Mr. Black, pro se, filed a complaint in the United States Claims Court*fn* on February 21, 1990, challenging the Board's denial of relief as arbitrary, capricious and contrary to the clear evidence of nine medical authorities. Mr. Black later amended his complaint to claim that he was the victim of covert intelligence activity aimed at convincing Mr. Black that he was insane. In addition, Mr. Black sought to recover $222,652 in disability retirement benefits pursuant to 10 U.S.C. § 1201 (1988 & Supp. IV 1992), which Mr. Black never received because the Air Force allegedly failed to diagnose him correctly in March 1979 as suffering from paranoid schizophrenia. The Court of Federal Claims dismissed Mr. Black's complaint as barred by the statute of limitations under 28 U.S.C. § 2501 (1988 & Supp. IV 1992). Black v. United States, No. 90-171 C (Cl. Ct. Feb. 23, 1990). On appeal, this court vacated the order and remanded the case. Black v. United States, 928 F.2d 412 (Fed. Cir. 1991) (table). The Court of Federal Claims remanded the case to the Board with instructions, inter alia, to investigate whether Mr. Black had been the subject of covert intelligence activity and to hold a hearing of record permitting Mr. Black to call and cross-examine witnesses and produce any relevant evidence. Black v. United States, 24 Cl. Ct. 465, 470 (1991).
At the Board's request, the Air Force Office of Inspector General (IG) conducted the investigation. The IG reviewed relevant Board files, examined military police and intelligence records, and conducted telephone interviews with Mr. Black and seven former members of his military unit that Mr. Black identified as witnesses. The IG thus concluded that there was no evidence of any covert intelligence activity aimed at convincing Mr. Black that he was insane. On May 1, 1992, Mr. Black failed to appear at a hearing scheduled by the Board to comply with the remand order from the Court of Federal Claims. In Mr. Black's absence, the Board examined the IG report and the entire administrative record and concluded that there was insufficient relevant evidence to find error or inJustice which would warrant correction of Mr. Black's military record. On April 28, 1993, the Court of Federal Claims granted the Government's motion for summary judgment, concluding that substantial evidence existed to support the Board's decision to deny Mr. Black's petition for correction of his military records and to dismiss his claim for disability retirement benefits. The Court of Federal Claims also concluded that it lacked subject matter jurisdiction over Mr. Black's due process claim under the Fifth Amendment.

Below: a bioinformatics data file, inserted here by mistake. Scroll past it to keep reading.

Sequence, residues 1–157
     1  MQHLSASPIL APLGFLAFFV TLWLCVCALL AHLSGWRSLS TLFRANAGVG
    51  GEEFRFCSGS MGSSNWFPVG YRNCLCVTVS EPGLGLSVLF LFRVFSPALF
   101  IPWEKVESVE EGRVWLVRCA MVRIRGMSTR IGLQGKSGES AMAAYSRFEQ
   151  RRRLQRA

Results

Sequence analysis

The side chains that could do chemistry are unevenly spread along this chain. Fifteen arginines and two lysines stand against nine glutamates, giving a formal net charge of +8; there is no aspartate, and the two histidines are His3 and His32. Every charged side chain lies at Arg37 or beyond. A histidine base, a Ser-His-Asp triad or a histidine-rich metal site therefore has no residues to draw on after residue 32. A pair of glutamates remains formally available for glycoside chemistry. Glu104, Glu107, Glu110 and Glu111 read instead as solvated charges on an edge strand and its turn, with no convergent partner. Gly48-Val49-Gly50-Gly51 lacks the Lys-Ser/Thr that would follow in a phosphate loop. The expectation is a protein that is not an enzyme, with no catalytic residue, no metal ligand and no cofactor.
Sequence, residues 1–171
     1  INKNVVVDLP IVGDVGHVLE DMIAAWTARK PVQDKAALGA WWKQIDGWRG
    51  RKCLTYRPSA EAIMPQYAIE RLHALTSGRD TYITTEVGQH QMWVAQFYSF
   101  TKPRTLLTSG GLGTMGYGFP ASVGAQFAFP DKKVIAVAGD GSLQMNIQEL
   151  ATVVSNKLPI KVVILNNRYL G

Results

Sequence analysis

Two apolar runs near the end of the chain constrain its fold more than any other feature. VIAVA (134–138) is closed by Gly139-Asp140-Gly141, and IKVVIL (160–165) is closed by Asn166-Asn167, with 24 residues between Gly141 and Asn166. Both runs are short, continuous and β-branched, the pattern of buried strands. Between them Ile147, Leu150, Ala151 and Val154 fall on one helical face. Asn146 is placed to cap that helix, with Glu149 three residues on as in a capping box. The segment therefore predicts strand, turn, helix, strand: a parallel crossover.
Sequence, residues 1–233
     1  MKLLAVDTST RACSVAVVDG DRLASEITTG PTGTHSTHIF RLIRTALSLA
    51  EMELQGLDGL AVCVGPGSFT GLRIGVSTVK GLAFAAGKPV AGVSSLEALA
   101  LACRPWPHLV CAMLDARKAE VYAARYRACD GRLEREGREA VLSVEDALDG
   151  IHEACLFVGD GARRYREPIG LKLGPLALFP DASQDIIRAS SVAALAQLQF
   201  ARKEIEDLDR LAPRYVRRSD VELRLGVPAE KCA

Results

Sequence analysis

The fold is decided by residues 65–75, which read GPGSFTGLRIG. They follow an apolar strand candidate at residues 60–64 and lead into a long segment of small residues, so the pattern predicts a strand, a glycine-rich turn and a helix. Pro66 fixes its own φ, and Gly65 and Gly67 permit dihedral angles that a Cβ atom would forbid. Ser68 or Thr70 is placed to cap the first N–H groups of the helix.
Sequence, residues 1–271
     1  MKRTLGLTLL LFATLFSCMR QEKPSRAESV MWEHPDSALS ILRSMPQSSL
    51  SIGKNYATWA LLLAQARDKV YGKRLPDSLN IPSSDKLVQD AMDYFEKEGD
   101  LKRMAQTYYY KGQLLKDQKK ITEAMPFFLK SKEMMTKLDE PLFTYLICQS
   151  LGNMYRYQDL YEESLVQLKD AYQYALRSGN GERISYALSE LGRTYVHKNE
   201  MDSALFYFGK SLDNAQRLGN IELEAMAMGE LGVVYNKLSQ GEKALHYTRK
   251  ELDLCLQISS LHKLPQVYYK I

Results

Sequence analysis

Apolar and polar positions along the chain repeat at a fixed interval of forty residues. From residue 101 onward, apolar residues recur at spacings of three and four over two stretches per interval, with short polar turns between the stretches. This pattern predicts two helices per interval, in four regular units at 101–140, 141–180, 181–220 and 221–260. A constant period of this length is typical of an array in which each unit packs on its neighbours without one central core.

This court reviews judgments of the Court of Federal Claims to determine whether they are premised on clearly erroneous factual determinations or otherwise incorrect as a matter of law. Transamerica Ins. Corp. v. United States, 973 F.2d 1572, 1576 (Fed. Cir. 1992). As a matter of law, the grant of summary judgment by the Court of Federal Claims receives de novo review by this court. Confederated Tribes of Colville Reservation v. United States, 964 F.2d 1102, 1107 (Fed. Cir. 1992). In this case, the Court of Federal Claims made no additional factual determinations, and the only question on appeal is whether the Court of Federal Claims erred as a matter of law in reviewing the Board's decision.